The Virtual Water Cooler:
Solving the Distance Problem in Networks
By Jessica Lipnack and Jeffrey Stamps
from Firm Connections, May 1993
When companies work together across corporate boundaries, they
must first solve the "water cooler" problem. Without the
local coffee pot or cafeteria as a daily meeting ground, groups
of people require very different work processes from those used
by people located in the same place and organization. "Working
together apart" is how George Metes and Ray Grenier describe
this relationship in their book, Enterprise Networking.
In our view, there is a distinction worth drawing between
teams and networks. A team is a connected group of people that focus
inward on their shared task at hand. Networks have an outward focus
- they reach across distance and time, in effect to discover and
establish new ideas and tasks. This distinction leads us toward
a third, sharpened concept that we call "teamnets" - inward-focused
teams that also focus outward and work across boundaries with other
teams. Teamnets capitalize on the advantages of both to think and
produce more effectively - and we believe they are what flexible
networks really strive to become.
To achieve "teamnet" status, members must take seriously
the challenge of working together apart. Some have solved this problem.
But many still struggle with it, frustrated by three major myths
that keep people from staying connected.
Myth A: Networks are just the channels of communication.
Digital Equipment Corporation, host to the world's largest private
electronic communication network has a saying: "just because
the bits traveled around the world doesn't mean they were understood."
Unfortunately, some people, particularly those with a high tech
perspective, can see only the physical links of a network. They
notice the wires and completely miss the members. Others are blind
on another dimension: They cannot see the other essential
links - the ones that indicate trust and other invisible ties. Boundary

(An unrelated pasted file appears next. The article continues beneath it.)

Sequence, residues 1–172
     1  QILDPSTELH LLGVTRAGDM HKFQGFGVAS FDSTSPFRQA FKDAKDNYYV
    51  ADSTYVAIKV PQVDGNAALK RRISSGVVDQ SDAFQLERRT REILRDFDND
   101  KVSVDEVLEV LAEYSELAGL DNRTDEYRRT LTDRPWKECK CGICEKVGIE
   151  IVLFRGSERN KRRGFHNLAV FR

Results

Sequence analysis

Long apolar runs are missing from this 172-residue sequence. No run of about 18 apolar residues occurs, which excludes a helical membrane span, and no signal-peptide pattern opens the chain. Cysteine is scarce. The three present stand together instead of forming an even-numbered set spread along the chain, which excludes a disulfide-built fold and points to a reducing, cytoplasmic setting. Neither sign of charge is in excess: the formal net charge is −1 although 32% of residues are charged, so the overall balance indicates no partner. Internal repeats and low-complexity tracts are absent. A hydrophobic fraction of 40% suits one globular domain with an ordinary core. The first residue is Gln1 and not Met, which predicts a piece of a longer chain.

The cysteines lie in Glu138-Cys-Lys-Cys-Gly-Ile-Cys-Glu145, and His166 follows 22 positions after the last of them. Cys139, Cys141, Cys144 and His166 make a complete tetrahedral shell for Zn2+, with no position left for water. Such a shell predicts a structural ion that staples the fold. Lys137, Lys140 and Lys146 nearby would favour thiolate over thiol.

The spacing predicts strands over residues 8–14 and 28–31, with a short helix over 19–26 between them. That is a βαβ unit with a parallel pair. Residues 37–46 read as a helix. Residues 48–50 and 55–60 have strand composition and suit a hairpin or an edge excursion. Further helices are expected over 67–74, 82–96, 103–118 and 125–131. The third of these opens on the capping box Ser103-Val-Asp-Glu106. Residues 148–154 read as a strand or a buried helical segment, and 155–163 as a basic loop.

crossing teamnets need a lot more than copper wire or fiber optics
to be truly connected.
For a group to accomplish any goal, give-and-take meetings, phone
calls, memos, letters and the like are required. To interact, people
need communication links - both technological (phones, paper, computers)
and people-oriented (relationships and roles). When a group makes
it to the point where its members maintain multiple voluntary relationships
among themselves and use many communication channels frequently
and wisely, it gets work done.
Myth B: Relationships are impossible to
grasp. They are intangible, unreal, fleeting, short-lived and
can end on the turn of a sentence.
In a way, the people who believe this myth are right, because it
is difficult to "see" the ineffable stuff of the
relationships that bind teamnets together. But relationships are
real, and the good ones do last. More to the point, they are essential
to the dynamics of working between companies.
Indeed, personal relationships are the threads that bind any network.
"You do business with the people you know," says Jerry
Nagel of the Red River Trade Corridor based in Northern Minnesota.
Such solid and useful relationships can only be built over time.
First, people have to get to know and trust each other, because
until there is trust, nothing happens. And then they have to be